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Re: [css-inline] i18n-ISSUE-408: Boxed characters and initial letter properties

From: Florian Rivoal <florian@rivoal.net>
Date: Tue, 17 Feb 2015 18:15:59 +0900
Cc: Richard Ishida <ishida@w3.org>, Dave Cramer <dauwhe@gmail.com>, www-style list <www-style@w3.org>, www International <www-international@w3.org>
Message-Id: <20326934-C858-49E4-9D20-1AF45583A5CC@rivoal.net>
To: Arle Lommel <arle.lommel@dfki.de>

> On 17 Feb 2015, at 17:55, Arle Lommel <arle.lommel@dfki.de> wrote:
> 
> Hi Florian,

Hi Arle,

> Sorry, I wasn't clear. I agree with you entirely. I was just pointing out that you don't do this sort of sizing for most typesetting purposes because it looks ugly, which is why the rendering engines don't do it that way. But what Richard is discussing is clearly an exception to the general rule, and you are absolutely right that it is the “only reasonable thing to do” in this case, even though you wouldn't do it for most other situations.

Agreed, thanks for the clarification.

> Speed shouldn't be an issue, since all the engine has to do is check the actual (versus typographically nominal) bounds and use them. It isn't a complex procedure at all,

I don't know nearly enough about how fonts work, but I expect that writing a character (including combining diacritics) at a certain font size and checking how big the physical bounding box was, or doing the same without actually drawing the character, should be quite easily done.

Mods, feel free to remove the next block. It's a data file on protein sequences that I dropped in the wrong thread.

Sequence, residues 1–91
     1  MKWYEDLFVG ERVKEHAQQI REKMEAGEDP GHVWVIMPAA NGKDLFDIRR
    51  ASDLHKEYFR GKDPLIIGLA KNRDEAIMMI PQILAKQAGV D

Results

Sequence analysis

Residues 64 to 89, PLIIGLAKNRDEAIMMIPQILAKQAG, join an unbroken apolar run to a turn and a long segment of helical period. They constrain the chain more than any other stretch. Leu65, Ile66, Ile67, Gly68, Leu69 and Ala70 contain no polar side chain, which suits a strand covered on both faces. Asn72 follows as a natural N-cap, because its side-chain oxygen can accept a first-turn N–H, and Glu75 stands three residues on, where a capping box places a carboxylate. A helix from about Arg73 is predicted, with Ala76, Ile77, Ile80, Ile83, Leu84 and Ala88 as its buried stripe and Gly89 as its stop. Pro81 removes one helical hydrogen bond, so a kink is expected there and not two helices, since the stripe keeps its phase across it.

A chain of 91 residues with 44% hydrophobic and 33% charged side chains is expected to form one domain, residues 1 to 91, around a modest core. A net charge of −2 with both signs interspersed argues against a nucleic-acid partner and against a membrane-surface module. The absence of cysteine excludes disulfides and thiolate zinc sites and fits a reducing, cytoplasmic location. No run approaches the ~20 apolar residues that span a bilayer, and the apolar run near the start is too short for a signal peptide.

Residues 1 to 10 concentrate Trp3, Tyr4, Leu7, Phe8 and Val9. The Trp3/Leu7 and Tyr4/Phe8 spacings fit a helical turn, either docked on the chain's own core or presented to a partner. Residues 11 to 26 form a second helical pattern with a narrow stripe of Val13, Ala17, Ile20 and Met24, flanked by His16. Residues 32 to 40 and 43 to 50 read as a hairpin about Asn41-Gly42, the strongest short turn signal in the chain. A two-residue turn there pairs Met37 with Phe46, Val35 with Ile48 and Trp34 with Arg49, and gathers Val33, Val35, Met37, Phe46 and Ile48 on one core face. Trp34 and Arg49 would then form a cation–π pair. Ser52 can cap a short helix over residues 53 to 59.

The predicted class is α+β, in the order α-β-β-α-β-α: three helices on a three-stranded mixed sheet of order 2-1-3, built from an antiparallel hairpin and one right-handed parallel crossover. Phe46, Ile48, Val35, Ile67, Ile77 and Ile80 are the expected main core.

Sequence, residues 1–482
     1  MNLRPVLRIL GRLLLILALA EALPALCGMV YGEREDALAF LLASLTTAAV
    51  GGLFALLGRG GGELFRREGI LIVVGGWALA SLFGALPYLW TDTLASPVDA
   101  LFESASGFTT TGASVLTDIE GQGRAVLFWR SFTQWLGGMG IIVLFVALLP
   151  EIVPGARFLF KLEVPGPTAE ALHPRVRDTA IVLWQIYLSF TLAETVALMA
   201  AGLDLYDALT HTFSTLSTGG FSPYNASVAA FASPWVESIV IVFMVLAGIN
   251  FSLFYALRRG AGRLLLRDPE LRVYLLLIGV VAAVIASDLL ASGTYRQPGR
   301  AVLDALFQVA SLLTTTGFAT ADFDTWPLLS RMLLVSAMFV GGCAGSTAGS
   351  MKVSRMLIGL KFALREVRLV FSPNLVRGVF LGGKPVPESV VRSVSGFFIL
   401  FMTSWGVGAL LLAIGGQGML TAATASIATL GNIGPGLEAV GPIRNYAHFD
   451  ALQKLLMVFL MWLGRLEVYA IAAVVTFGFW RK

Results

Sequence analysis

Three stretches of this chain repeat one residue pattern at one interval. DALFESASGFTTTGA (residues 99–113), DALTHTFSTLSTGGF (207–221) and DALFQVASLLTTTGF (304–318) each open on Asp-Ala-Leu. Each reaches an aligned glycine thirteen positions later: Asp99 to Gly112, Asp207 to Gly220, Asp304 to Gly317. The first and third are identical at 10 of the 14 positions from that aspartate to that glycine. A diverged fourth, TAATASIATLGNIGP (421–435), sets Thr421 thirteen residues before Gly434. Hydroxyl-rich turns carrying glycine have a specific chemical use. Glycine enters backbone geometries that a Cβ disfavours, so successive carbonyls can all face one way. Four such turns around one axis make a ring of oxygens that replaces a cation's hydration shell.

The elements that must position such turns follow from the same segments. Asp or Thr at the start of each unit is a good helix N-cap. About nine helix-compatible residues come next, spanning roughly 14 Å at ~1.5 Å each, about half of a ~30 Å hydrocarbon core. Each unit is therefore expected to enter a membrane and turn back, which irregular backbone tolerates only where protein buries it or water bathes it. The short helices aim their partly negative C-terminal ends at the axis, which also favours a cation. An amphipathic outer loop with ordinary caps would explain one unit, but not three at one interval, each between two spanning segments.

On the other hand, I wonder if the opposite problem actually works out ok: given a box, what is the largest font size that will result in a character that just fits? Is the mapping between the font size and the actual size of the glyph a simple one, or are fonts able to define it in arbitrarily complicated ways, possibly including not strictly increasing functions? If it is linear or otherwise simply predictable, it will be simple. If it is arbitrary, but required to be increasing, binary searching should still get us there reasonably efficiently. But if it is unconstrained, it will make the problem "interesting".

> but whether rendering engine developers would see it as a worthwhile one to address since it does require specific handling is another matter. Only they could say whether it is worth their while. My guess is that as HTML is used more and more to create an experience somewhat equivalent to print, we should see issues like this becoming more important.

Right. I cannot speak for engine vendors, and I don't know what priority they will assign to such a feature. That said, this feature should only have runtime costs if you actually use it, so I don't expect vendors to push back if someone were to submit a patch implementing it, even if they would not have committed the resources to do it themselves.

 - Florian
Received on Tuesday, 17 February 2015 09:16:17 UTC

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